The 21st Century dad, as defined by celebrity fathers such as David Beckham, Brad Pitt and Jamie Oliver, isn’t a new phenomenon according to research from the universities of Manchester and Leeds.
Historians examined fatherhood in Britain during the 19th and 20th centuries and found strong evidence that dads were much more involved in their children’s lives than previously recognised.
The research quashes the widely-held belief that there has been a generational shift in attitudes to fatherhood and that the ‘New Man’ is more at ease with his parenting role and more engaged with his children – a departure from previous generations.
Previously some historians have considered men’s roles in their studies of gender, home and family life more generally; very few have examined fathers as crucial family members and as emotional individuals.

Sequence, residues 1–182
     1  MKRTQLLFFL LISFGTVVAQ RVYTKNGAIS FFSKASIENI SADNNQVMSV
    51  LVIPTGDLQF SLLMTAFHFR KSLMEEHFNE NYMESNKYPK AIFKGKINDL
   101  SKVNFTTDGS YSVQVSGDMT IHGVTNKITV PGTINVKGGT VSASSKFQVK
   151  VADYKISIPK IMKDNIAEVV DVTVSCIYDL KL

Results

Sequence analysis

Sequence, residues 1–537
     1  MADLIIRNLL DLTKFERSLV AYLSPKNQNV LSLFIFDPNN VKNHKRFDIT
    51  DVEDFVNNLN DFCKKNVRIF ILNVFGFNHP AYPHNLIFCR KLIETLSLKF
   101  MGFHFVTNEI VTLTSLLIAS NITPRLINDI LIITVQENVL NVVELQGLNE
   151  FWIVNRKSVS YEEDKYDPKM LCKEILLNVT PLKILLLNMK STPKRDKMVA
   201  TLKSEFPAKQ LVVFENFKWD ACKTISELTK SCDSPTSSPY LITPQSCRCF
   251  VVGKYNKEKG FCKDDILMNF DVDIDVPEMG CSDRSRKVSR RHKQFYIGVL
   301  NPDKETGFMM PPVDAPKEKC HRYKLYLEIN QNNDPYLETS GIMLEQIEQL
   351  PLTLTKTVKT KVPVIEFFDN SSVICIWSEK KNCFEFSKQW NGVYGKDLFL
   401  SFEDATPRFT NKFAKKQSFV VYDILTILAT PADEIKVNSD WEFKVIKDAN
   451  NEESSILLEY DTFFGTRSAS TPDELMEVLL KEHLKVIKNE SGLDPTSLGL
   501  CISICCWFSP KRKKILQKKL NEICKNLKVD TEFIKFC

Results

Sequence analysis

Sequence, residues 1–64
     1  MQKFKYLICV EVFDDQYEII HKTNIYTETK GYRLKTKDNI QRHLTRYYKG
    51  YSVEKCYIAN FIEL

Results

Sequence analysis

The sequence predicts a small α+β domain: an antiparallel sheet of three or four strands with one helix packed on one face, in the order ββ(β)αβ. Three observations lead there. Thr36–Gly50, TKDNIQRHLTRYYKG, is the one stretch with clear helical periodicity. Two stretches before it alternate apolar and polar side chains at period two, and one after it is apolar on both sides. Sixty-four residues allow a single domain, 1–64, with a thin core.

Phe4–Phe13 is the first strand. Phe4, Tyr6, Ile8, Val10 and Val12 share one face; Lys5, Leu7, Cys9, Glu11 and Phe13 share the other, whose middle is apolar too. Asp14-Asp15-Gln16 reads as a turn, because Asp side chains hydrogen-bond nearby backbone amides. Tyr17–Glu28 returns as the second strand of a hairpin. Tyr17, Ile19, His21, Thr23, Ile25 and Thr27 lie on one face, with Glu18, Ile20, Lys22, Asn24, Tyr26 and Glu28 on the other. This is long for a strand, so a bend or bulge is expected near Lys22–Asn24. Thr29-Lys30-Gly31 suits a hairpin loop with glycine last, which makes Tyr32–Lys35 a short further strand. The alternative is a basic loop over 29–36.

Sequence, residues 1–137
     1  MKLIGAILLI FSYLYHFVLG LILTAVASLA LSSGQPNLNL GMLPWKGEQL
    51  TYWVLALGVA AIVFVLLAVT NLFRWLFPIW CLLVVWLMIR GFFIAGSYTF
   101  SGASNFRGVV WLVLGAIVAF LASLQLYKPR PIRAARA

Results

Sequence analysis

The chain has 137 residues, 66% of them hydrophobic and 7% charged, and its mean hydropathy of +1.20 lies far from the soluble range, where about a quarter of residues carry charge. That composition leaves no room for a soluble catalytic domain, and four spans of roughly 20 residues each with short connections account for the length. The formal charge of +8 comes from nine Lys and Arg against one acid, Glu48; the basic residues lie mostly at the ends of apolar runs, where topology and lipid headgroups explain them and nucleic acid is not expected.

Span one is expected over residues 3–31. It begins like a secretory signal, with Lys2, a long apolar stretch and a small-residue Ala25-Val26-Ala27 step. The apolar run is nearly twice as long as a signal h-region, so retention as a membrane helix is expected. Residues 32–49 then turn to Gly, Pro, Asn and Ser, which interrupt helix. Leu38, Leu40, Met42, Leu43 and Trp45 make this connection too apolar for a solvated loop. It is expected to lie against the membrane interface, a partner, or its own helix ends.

Dr Julie-Marie Strange from The University of Manchester examined Victorian working-class fathers. She said: “the notion that fathers are redefined by the modern new man just isn’t true. Since the Victorian era men seem to have been just as hands-on as they are today and equally as open and affectionate with their off-spring.”
Dr Laura King from The University of Leeds studied fatherhood across the last century. She said: “The history of fatherhood is extremely significant to contemporary debate: assumptions about fatherhood in the past are constantly used to support arguments about the state of fatherhood today and the need for change in the future.
“And yet fathers are often neglected in histories of family life in Britain. Fathers were more involved with their children in the past than we recognised.”
Both academics have books out this month on fatherhood:
• Family Men: Fatherhood and Masculinity in Britain, 1914-1960 (978-0-19-967490-9) is published on 15 January by Oxford University Press.
• Fatherhood and the British Working Class, 1865-1914 (Cambridge University Press, January 2015 ISBN 9781107084872) 240 pp.